180 days of Russia-Ukraine war: Poor pay the price

180 Days Of War ET Now Decodes The True Cost India Tonight
It’s been 180 days since the Russian invasion of Ukraine officially began. On February 24, President Vladimir Putin‘s move against Ukraine left the world reeling. The shockwaves of that decision can still be felt as the war rages on. The fighting may be going on in Europe, but the impact is being felt world over. Blood may be spilling on Ukrainian soil, but losses are being felt world over.

Since the start of the invasion, 41 million Ukrainians have been displaced. Over 5,500 civilian lives lost. Blood has been spilt of around 9000 Ukrainian and an estimated 15 thousand Russian military personnel in the line of duty.

All this in just 180 days.

In the crassest of ways possible, the sad part is, the cost of war is not just the lives lost. Those that survive carry on with the burdens that follow.

This war has brought the global economy on the brink of recession. It’s not just the two nations at war that have suffered the consequences. Although suffer they are- According to the IMF and the World Bank, the Ukrainian Economy will contract around 45 percent this year. On the other hand, according to some estimates the Russian economy may be going through its worst phase since the fall of the Soviet Union in 1991. The Russian Central Bank estimates its economy will contract by 4 to 6%.

The business of war has led to other repercussions for Russia. For one, Ukrainians almost-rabid defence of their homeland has dented the “superpower” image of Russia. It was feared that the superior military of Russia and its financial strength would mean Ukraine would fall easily. In fact, U.S Chairman of Joint Chiefs of Staff had even warned that Kyiv would fall within 72 hours in case of an all-out invasion. Well, from 72 hours to over 180 days, Ukraine certainly proved a point.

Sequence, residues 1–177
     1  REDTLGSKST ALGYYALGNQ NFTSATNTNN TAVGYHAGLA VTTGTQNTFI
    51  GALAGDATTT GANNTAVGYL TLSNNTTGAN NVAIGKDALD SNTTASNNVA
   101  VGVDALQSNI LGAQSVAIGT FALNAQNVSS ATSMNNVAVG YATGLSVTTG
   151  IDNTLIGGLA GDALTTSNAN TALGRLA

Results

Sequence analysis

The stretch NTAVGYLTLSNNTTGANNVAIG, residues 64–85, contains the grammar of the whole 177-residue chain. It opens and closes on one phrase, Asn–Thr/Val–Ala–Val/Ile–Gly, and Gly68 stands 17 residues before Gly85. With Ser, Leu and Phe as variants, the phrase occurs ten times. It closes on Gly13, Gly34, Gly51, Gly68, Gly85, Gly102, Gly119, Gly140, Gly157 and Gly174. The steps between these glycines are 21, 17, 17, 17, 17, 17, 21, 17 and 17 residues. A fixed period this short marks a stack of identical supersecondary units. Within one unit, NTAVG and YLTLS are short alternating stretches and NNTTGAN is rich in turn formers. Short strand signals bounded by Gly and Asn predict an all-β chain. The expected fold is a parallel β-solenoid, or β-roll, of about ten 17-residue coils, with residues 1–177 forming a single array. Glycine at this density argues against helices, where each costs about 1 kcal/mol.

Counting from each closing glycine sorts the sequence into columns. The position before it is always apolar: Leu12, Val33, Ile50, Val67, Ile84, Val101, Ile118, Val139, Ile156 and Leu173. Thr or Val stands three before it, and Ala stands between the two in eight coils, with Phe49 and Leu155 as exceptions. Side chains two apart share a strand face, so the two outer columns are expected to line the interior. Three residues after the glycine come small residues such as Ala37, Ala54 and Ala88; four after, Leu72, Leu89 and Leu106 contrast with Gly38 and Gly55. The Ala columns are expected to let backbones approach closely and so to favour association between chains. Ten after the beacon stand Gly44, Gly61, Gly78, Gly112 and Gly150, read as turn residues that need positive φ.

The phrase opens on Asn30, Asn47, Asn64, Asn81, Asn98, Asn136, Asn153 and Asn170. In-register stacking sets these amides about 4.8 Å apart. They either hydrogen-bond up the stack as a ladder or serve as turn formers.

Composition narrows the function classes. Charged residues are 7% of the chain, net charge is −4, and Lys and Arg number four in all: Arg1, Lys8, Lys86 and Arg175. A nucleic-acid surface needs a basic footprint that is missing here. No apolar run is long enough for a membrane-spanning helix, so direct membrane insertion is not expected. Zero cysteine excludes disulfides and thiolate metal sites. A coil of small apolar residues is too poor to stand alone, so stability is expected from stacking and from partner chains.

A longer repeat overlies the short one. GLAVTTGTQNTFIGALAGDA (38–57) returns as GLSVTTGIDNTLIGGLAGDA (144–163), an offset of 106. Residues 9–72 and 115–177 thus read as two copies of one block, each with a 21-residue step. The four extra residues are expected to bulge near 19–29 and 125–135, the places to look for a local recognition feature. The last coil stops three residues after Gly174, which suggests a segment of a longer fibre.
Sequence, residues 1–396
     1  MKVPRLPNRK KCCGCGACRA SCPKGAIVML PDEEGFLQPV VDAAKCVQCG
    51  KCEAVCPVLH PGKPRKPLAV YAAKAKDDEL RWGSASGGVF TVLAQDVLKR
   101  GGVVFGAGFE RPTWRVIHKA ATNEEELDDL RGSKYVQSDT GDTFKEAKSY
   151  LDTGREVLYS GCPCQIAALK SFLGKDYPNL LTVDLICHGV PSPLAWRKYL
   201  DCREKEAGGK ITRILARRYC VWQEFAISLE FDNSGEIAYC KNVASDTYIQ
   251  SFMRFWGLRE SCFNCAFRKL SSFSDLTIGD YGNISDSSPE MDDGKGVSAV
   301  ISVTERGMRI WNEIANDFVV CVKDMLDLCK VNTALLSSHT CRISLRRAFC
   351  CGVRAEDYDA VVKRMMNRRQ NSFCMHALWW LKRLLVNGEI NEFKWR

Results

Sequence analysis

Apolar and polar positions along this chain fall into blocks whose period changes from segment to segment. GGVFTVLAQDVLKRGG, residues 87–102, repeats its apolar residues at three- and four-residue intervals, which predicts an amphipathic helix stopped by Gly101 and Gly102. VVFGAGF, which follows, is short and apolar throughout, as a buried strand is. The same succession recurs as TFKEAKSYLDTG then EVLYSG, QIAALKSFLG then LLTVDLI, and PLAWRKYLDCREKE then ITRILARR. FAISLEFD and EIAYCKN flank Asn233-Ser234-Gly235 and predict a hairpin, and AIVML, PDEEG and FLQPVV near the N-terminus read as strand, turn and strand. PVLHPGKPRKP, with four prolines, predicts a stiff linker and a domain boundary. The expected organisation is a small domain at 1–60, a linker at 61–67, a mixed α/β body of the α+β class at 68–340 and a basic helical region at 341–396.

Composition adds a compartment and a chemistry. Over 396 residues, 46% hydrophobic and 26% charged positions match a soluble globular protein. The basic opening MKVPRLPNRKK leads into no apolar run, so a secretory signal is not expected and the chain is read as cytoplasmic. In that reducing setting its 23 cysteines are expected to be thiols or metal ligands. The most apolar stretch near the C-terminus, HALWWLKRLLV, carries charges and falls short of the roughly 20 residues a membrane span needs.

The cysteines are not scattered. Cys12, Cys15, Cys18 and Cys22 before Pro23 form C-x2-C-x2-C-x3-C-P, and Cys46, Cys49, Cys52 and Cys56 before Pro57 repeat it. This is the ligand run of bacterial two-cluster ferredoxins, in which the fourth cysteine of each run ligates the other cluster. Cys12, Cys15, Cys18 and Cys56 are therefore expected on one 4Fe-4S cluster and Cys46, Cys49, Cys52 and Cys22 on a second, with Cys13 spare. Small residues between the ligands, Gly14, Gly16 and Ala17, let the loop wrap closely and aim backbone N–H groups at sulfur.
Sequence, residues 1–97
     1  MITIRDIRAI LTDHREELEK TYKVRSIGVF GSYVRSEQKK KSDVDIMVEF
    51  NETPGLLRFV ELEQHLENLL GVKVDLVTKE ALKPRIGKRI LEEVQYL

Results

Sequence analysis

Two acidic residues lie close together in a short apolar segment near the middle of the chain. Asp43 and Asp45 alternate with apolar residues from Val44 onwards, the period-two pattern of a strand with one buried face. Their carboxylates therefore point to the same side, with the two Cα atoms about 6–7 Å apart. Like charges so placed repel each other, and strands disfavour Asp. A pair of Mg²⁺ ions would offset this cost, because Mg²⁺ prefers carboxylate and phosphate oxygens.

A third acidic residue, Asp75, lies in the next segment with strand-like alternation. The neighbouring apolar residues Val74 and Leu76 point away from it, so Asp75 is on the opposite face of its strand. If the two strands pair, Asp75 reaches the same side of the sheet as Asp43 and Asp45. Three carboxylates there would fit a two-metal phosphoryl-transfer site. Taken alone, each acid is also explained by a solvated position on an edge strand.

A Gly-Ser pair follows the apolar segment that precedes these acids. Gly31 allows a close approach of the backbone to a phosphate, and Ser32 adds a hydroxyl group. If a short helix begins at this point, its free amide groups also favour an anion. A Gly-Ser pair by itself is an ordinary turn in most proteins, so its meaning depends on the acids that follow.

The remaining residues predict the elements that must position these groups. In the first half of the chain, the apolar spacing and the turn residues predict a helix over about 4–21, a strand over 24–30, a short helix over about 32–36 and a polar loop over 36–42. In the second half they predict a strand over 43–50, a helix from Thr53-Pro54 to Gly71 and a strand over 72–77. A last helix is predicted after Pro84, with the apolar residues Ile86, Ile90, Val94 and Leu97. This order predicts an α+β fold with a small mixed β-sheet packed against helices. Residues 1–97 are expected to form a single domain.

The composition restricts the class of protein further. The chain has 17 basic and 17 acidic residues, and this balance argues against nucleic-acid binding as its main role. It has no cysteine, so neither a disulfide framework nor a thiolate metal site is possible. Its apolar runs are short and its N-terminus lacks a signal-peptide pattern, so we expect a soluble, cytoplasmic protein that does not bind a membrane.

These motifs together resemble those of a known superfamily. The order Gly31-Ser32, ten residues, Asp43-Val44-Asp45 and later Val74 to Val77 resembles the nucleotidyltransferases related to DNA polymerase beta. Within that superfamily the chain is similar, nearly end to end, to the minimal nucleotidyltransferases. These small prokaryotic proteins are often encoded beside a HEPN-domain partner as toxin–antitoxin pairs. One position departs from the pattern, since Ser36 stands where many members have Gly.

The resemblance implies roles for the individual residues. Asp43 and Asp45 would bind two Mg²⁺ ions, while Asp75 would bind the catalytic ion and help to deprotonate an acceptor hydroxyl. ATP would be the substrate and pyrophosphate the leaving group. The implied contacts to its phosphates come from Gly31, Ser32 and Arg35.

Maroof Raza, Consultant and Strategic Affairs Expert tells ET Now, “The U.S is gaining from this war to the extent that it is pumping money there…Where does the money go? Some of it goes to fighting the war, some of it goes for humanitarian assistance, but a lot of it goes channelled back to the American defence industry. And, that needed a shot in the arm. America was looking for another war which would allow their defence industry to continue to keep rolling. Secondly, as far as America is considered, the humiliation of their withdrawal from Afghanistan needed for them another geopolitical shot in the arm. Ukraine has given them that.”

Former Ambassador Suresh Goel says it’s very difficult to not agree with Maroof Raza. He says, “The war began due to Ukrainian insistence on joining NATO, which Russia viewed as a security threat. Second, has the objective of the war been achieved? No. Russia is still there. Ukraine is not intimidated. Zelenskyy is enjoying the world stage.”

But the fact is the world and India is suffering. For months, the blockade of the Black Sea stopped Ukrainian grain exports to the world effectively pushing millions towards starvation.

Economist and Consulting Editor to ET Now, Mythili Bhusnurmath says, “We have seen the IMF has lowered the growth estimates for the world as a whole, starting from what they gave in April from 3.6 to 3.2%. India’s growth rate estimate has been lowered as well. We have seen higher crude prices, higher commodity prices. Higher grain prices.”

The war rages on, and the world watches on. 180 days of war have passed, and it appears the end is not in sight yet.